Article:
You sound like you naturally eat pretty healthy. I'm assuming you stay away altogether from sugar. Low fat is great for health, but not the key factor for diabetes. It is the balance of carbohydrates. For example I stopped eating eggs except for weekend breakfasts, but I discovered my new breakfast of (whole grain) cereal and fruit jacked my blood sugar up tremendously.
Helpful - 0
141598 tn?1355671763
Zoe, The Mayo Clinic as well as the American Diabetes Association (ADA) have revised what they feel are the "normal" glucose ranges, and at the same time dropped "prediabetes" from the vocabulary. Although Mayo derives their ranges for the ADA, they're not exactly the same. One has 70 mg/dl as the low, the other 80 mg/dl. Both have 130 mg/dl as the high for prandial (fasting). Both have postprandial as <180 mg/dl. I find this revision odd especially having range values being increased for normal.

Prediabetes ranges for years were 101-125 mg/dl, then in last couple of years dropped to 100-124 mg/dl.  But both Mayo and ADA have dropped prediabetes from their vocabulary when they talk about glucose ranges. It's like they no longer want to admit it exists and only want to discuss nondiabetes and diabetes. This is the thought 10-12 years ago - no prediabtes. What I strongly feel is that prandial normal ranges for both nondiabetics and diabetics is 70-99 mg/dl. I was in Los Angeles on April 10, Friday. During a break I read this thread and I called two major teaching hospitals in the area. Upon return home I called another major teaching hospital in my area and all three use my ranges. So why are these organizations on different pages? I'm all for lower more stringent range values, not lax upper ranges when it comes to health care, especially diabetes. I need to investigate this further to see if a drug mfg, plus more, are behind this. Hmmm, higher range$ equal$ more drug u$e, equal$ more $ale$, equal$ more $$$$ in the bank. Just  my opinion.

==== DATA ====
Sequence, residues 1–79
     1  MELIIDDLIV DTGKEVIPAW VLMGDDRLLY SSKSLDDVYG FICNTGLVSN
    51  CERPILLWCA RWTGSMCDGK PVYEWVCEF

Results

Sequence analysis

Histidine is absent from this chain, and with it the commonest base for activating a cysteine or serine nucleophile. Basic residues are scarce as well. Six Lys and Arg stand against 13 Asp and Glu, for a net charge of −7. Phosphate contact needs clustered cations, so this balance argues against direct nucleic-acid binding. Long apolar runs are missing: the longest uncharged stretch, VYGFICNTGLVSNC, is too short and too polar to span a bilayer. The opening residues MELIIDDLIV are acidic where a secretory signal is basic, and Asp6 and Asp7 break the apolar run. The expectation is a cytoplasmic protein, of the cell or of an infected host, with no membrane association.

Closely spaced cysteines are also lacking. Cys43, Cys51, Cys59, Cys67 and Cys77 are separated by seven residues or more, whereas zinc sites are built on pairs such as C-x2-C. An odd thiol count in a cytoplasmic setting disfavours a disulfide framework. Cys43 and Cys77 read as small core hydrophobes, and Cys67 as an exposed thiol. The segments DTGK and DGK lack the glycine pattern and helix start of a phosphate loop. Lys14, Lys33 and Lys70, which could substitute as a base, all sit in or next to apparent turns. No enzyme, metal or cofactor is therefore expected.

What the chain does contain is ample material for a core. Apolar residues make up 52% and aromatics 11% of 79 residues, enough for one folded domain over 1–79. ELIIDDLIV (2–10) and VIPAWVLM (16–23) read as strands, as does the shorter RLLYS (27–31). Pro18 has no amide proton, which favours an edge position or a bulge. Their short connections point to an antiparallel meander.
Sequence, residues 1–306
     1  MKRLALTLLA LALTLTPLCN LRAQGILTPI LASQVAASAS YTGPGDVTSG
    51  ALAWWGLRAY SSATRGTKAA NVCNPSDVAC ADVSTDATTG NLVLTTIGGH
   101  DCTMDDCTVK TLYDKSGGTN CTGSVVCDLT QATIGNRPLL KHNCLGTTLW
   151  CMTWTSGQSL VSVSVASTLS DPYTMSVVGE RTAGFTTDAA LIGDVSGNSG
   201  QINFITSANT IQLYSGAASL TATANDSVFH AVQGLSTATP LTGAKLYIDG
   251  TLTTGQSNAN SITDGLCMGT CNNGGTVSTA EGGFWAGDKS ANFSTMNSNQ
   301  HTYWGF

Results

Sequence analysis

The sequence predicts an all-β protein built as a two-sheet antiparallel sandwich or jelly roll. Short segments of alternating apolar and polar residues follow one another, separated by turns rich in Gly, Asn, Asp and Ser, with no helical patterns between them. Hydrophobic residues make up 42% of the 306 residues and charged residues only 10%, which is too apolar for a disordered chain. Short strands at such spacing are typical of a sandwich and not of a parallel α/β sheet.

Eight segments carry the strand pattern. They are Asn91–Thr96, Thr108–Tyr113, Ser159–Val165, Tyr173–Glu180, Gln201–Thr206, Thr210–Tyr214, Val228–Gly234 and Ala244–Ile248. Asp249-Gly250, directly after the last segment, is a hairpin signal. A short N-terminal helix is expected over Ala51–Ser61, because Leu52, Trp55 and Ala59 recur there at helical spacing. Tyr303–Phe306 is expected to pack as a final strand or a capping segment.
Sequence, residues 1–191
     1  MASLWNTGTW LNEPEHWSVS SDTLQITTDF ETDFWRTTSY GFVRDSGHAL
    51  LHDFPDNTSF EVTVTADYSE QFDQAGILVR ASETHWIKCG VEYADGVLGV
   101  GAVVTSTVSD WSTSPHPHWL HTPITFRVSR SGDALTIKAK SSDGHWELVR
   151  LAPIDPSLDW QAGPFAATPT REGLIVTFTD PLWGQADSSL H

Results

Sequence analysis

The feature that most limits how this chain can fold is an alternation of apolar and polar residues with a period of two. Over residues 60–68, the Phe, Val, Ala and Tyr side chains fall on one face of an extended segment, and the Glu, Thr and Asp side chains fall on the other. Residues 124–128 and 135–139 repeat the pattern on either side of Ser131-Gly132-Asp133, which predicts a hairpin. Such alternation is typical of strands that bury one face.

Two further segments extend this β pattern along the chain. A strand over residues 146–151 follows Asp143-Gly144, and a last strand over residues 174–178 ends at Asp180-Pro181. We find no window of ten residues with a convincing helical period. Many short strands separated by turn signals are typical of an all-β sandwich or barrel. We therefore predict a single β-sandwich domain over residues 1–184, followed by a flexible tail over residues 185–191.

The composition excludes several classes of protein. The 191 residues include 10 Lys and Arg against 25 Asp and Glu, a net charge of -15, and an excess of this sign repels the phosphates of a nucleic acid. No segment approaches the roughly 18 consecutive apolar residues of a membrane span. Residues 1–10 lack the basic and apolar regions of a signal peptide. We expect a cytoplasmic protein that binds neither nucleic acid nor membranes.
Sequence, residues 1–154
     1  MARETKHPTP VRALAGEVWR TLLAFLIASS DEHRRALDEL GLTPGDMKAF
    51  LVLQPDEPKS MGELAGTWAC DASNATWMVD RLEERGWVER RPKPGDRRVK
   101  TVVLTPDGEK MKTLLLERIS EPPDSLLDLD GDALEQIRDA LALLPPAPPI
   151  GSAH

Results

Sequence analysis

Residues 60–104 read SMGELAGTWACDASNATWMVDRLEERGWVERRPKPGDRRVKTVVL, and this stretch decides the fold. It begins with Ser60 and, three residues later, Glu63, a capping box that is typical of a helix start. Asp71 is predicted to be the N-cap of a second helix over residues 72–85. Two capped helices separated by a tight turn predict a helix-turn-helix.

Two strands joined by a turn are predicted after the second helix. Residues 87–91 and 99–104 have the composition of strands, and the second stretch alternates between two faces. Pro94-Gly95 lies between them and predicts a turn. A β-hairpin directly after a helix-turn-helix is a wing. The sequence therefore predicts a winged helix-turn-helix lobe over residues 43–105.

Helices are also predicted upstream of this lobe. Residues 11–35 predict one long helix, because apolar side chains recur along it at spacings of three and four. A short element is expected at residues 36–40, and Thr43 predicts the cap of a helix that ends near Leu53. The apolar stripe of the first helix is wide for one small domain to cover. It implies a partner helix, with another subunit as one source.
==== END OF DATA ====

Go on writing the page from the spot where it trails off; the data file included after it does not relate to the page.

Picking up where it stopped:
DonSor, short bursty movements isn't considered walking unless you break sweat. Walking 20 minutes at good solid pace w/o stopping helps to lower glucose levels. Same goes for lifting, it must be done under continuous time to qualify or do anything. What you're doing at work is better than nothing but you need more continous movement. Try walking at lunch or after work.

Your A1c of 6.5% can only be determined by your lab as most labs may have different ranges. Some may say <6% while others say <7% is normal. Look at your lab sheet to determine this. However, when you say you avg 150 mg/dl prandial, you're diabetic in my eyes and need to follow what Zoe mentioned about proper nutrition, moderate exercise, and normal body weight.
Helpful - 0
603046 tn?1279159413
Thanks for the information and advice. Fortunately I don't have a "sweet tooth". I drink diet soda in moderation and use mostly 0 cal sweetners (Splanda, Nutrasweet, etc). Very seldom do I eat pies, ice cream, or any sweet desserts. Nonetheless, I will take your advice into consideration.


Helpful - 0
Have an Answer?

You are reading content posted in the Diabetes - Type 2 Community

Top Diabetes Answerers
231441 tn?1333892766
Manila, Philippines
Learn About Top Answerers
Didn't find the answer you were looking for?
Ask a question
Popular Resources
Here are three summertime recipes that will satisfy your hunger without wreaking havoc on your blood sugar.
If you have prediabetes, type 2 diabetes isn’t inevitable. Find out how you can stop diabetes before it starts.
Diabetes-friendly recipes and tips for your game day party.
Are there grounds to recommend coffee consumption? Recent studies perk interest.
Simple ways to keep your blood sugar in check.
8 blood sugar-safe eats.